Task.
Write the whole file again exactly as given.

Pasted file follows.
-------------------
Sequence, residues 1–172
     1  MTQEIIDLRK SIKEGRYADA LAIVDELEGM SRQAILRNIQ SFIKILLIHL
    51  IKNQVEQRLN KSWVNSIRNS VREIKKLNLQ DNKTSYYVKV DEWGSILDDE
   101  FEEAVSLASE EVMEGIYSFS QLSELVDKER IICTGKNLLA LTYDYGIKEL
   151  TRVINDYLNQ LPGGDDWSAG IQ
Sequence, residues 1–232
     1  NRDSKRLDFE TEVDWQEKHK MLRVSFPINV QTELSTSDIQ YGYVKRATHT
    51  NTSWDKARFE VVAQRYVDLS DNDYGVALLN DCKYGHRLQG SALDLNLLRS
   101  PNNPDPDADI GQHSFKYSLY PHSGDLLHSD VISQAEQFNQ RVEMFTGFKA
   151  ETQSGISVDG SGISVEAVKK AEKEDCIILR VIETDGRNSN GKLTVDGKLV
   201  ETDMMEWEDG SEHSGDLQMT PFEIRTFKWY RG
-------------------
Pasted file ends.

Sequence, residues 1–172
     1  MTQEIIDLRK SIKEGRYADA LAIVDELEGM SRQAILRNIQ SFIKILLIHL
    51  IKNQVEQRLN KSWVNSIRNS VREIKKLNLQ DNKTSYYVKV DEWGSILDDE
   101  FEEAVSLASE EVMEGIYSFS QLSELVDKER IICTGKNLLA LTYDYGIKEL
   151  TRVINDYLNQ LPGGDDWSAG IQ
Sequence, residues 1–232
     1  NRDSKRLDFE TEVDWQEKHK MLRVSFPINV QTELSTSDIQ YGYVKRATHT
    51  NTSWDKARFE VVAQRYVDLS DNDYGVALLN DCKYGHRLQG SALDLNLLRS
   101  PNNPDPDADI GQHSFKYSLY PHSGDLLHSD VISQAEQFNQ RVEMFTGFKA
   151  ETQSGISVDG SGISVEAVKK AEKEDCIILR VIETDGRNSN GKLTVDGKLV
   201  ETDMMEWEDG SEHSGDLQMT PFEIRTFKWY RG